Richard E. Haas, PhD, CRNA, PHRN

Simulation has become more frequently used in the education of student nurse anesthetists, as well as the education of other health professionals. Though no longer in its infancy, the use of simulation as part of clinical education is still widely misunderstood, particularly by those who either a) have not experienced it at all, or b) have experienced it done poorly.

In its simplest derivation, simulation is used as a “task trainer”. Take some form of device, create a mockup of the device, insert the mockup into a simulated body part and voila’, we have simulation. While this is a very small and very simple part of one of the things simulation can do as part of a student’s education, it is by no means the most important thing. The use of high-fidelity simulation is pivotal in helping the instructor understand how the student thinks, and more importantly, how the student solves problems.

Human beings are complex, both those receiving the anesthetic, as well as those administering it. By controlling the simulated patient, the teacher can better analyze the processes by which the student approaches these complex tasks. This is particularly crucial in the novice student. A good simulation will result in a state of suspended reality: the student no longer sees a latex mannequin, he sees an actual patient in need of his expertise. In the student’s earliest learning stages, they will sometimes respond to problems which we, as experienced anesthetists, see as “normal” or “common” in ways which deviate significantly from accepted practice. Part of this is due to the stress which accompanies the simulation. This stress response does two things.

The first is it degrades executive function, or what we would call “working memory”. You may have experienced life emergencies during which you simply did not know what to do. This is what happens when the student is placed under a modicum of stress during a well thought out and executed simulation. Many of the concepts which the student had no difficulty discussing in a controlled classroom setting suddenly vanish from her armamentarium. Drug doses, indications, contraindications, biotransformation and other data points vanish like fog in the morning, leaving the student grasping for some solution to the problem at hand.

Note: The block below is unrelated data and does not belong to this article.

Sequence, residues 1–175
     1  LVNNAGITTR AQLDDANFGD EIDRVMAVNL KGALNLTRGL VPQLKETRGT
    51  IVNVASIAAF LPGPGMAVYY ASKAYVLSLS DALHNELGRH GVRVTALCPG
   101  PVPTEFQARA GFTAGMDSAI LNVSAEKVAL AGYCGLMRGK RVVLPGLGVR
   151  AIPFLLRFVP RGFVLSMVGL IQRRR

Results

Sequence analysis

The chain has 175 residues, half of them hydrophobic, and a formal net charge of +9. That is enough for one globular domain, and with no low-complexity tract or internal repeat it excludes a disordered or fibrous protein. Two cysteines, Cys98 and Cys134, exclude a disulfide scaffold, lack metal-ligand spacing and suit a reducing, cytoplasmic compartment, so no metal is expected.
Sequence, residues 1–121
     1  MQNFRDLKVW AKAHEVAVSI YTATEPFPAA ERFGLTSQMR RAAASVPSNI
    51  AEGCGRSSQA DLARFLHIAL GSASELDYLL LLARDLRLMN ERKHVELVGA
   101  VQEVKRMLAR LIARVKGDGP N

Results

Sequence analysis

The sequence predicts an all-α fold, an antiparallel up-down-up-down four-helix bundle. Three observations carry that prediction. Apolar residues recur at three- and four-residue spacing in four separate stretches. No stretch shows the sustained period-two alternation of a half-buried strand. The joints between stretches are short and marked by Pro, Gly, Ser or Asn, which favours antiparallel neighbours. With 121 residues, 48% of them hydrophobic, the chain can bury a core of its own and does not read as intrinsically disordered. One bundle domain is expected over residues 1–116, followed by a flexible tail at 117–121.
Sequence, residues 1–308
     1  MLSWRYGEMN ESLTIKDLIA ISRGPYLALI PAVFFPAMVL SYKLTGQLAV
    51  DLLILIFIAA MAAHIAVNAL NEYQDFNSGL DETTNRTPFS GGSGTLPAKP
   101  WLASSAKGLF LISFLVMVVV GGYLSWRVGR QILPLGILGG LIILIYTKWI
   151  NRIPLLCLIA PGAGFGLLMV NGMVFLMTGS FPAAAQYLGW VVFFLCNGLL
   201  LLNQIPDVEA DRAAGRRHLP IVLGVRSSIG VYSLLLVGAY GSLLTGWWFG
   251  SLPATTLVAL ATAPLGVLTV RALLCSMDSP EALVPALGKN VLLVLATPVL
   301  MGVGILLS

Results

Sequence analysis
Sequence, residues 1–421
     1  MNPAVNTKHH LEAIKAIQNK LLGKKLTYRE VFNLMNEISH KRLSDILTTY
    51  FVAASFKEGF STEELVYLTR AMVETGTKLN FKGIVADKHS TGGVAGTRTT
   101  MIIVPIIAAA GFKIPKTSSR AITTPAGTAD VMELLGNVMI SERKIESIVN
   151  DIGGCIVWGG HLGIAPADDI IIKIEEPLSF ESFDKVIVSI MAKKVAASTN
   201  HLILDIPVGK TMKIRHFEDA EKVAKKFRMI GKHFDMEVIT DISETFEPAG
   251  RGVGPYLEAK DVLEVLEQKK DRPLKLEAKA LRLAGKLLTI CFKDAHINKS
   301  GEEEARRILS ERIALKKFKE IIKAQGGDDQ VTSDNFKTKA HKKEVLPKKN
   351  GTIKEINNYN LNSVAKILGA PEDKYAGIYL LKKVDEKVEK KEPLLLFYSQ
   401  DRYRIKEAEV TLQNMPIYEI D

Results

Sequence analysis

Simulation allows the instructor to take the student at this point, and walk her through a solution in a Socratic form, by asking leading questions through which the student arrives at some conclusion. The risk to the “patient” is mitigated by the instructor’s knowledge that a simple “reboot” will once again restore our “patient” to life.

The second thing a stress response does is stimulates the formation of long term memories. Some of you have experienced a stressful situation, after which you said to yourself, “I’ll never forget what happened.” The same thing will occur in simulation which is done well. Students will remember the point at which they had trouble, recall the solution to the problem, and use the solution in subsequent simulations. Done well, such simulations should increase progressively in complexity, resulting in final simulations which approximate, to the extent possible, the actual administration of anesthesia in the operating room.
The final advantage is that events which are dangerous, rare, or require specific interventions (or all three, e.g. malignant hyperthermia) can be practiced with students individually or in small groups, and done again and again leading to proficiency.

The clinical arena, while filled with fascinating cases, is very much dependent on being in the right place at the right time, having the right preceptor and the right skill set. A mismatch of any of these results in a less than optimal learning experience, yet the vagaries of clinical practice are such that the perfect combination is difficult, if not impossible, to obtain. Simulation helps bridge this gap.

Simulation is not, and will never be, a substitute for excellent hands on clinical care taught by expert clinicians. It was never intended to be so. It is, however, one tool the teacher can use to help his students progress towards competence.